Patients who present to the clinic or urgent care with abdominal pain can be some of the most challenging, because of the many different causes. The job of your primary care or urgent care provider is to determine whether the pain is requiring immediate surgical evaluation.
Medical providers must try to determine which patients can safely be observed and their symptoms treated and which patients require further investigation by a specialist such as a surgeon. This is difficult because abdominal pain is often non-specific and presents with other symptoms very commonly.
Triage: We must urgently investigate abdominal pain in many patients. Some patients require assessment of their airway, breathing and circulation followed by appropriate resuscitation. Patients who may need surgery must be transferred to a facility where they can receive that care where appropriate nursing care, laboratory, surgical consultation, and radiology facilities are available. Patients who are having less severe pain or signs on exam may require consultation or referral for further management.
Helpful information from patients:
1) Time course of pain
2) Location of pain
3) Radiation of pain
4) Factors that make the pain worse or better (such as foods or antacids)
5) Associated symptoms including fever, chills, weight loss, nausea, vomiting, diarrhea, constipation, blood in the stools, jaundice, change in stool or urine color or diameter of the stools.
6) Past medical history, including history of abdominal surgeries
7) Family history of bowl disorders
8) Alcohol intake
9) Medications – including Tylenol, aspirin, and ibuprofen/aleve
10) Menstral and contraceptive history in women
Surgical abdomen: Usually defined as a condition with rapidly worsening course without surgical intervention. Obstructions of the intestines and peritonitis (inflammation/irritation of the inner wall of the abdomen that covers most abdominal organs) are reasons for referral to a surgeon.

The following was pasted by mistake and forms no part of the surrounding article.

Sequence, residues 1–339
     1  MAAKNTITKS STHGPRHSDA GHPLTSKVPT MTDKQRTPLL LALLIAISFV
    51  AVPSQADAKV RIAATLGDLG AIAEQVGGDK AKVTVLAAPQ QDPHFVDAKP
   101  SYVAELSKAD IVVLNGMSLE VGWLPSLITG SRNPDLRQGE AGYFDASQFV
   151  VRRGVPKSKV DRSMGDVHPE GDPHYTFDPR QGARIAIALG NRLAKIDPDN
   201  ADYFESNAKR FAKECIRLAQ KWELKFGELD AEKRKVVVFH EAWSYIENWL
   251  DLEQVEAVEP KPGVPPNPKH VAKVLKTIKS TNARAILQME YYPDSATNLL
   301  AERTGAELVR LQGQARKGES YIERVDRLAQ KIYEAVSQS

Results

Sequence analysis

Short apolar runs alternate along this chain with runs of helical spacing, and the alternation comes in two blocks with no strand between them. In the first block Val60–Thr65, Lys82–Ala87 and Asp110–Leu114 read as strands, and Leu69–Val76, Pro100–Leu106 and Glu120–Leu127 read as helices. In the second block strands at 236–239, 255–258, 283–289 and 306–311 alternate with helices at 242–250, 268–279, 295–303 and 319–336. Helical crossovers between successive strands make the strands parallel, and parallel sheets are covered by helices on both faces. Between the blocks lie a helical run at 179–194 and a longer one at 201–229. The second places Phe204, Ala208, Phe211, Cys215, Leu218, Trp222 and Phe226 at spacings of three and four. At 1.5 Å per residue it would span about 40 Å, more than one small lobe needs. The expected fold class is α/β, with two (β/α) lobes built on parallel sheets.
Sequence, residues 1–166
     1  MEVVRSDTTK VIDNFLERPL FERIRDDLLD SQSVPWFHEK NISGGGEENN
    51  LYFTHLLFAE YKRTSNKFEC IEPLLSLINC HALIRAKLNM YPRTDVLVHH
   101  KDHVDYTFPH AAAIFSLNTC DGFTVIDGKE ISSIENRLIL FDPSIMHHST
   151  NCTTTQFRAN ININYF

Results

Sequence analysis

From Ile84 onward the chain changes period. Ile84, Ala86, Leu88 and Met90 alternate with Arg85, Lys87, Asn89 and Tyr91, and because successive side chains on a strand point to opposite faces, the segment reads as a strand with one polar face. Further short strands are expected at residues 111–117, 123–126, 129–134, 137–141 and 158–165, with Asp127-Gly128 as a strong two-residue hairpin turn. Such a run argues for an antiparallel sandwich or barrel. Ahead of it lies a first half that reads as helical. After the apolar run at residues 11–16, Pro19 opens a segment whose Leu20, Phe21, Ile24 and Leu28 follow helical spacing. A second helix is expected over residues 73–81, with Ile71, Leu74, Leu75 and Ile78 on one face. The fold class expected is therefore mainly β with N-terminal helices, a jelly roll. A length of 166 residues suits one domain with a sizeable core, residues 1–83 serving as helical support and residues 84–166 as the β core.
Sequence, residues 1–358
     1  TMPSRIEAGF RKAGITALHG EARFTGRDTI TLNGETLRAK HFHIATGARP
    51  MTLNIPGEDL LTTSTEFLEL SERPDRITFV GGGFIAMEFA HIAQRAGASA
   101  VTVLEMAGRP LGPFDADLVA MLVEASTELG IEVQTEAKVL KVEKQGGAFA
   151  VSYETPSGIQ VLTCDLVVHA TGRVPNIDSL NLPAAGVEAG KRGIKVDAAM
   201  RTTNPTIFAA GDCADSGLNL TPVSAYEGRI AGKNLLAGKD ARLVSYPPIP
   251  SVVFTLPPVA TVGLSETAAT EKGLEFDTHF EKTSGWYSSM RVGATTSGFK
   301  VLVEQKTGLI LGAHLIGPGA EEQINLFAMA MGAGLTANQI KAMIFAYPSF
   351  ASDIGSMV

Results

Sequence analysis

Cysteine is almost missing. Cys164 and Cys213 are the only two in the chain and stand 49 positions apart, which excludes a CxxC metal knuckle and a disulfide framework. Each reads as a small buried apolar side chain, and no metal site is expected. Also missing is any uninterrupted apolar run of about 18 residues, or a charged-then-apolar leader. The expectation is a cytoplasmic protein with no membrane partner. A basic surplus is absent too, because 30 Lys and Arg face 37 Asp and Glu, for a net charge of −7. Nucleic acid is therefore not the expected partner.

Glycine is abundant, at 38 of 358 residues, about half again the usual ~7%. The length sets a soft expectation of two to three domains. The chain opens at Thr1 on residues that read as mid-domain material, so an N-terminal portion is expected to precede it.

Sometimes tests will be ordered such as an abdominal radiograph, CBC, comprehensive metabolic panel with liver enzymes, lipase, a urine analysis and pregnancy test (in women of childbearing potential).
Other things we consider in determining the cause of the abdominal pain are the location of the pain and changes in where the pain radiates as well as how rapidly the pain gets worse.
Some possible causes of abdominal pain are many – gallstones or gallbladder dysfunction, peptic ulcer, hiatal hernia, pneumonia, heart attack, pancreatitis, heartburn, lactose intolerance, celiac sprue, pregnancy (including ectopic), endometriosis, sickle cell disease, appendicitis, ovarian cyst or torsion, UTI, kidney stones, constipation, colitis, diverticulitis, pelvic inflammatory disease, gastroenteritis, intestinal ischemia (decreased blood flow to the intestines), diabetic ketoacidosis, kidney infection, abdominal aortic aneurism, or even trauma.
Treatment: Is tailored to address the cause of the pain. If no cause can be found at your doctor’s office, the goal is to determine whether it is safe for you to go home with medications to help with the pain, and testing done as an outpatient or whether you need to be transferred to the hospital where further workup can be done immediately.
This document is for informational purposes only, and should not be considered medical advice for any individual patient. If you have questions please contact your medical provider.
I hope that you have found this information useful. Wishing you the best of health,
Scott Rennie, DO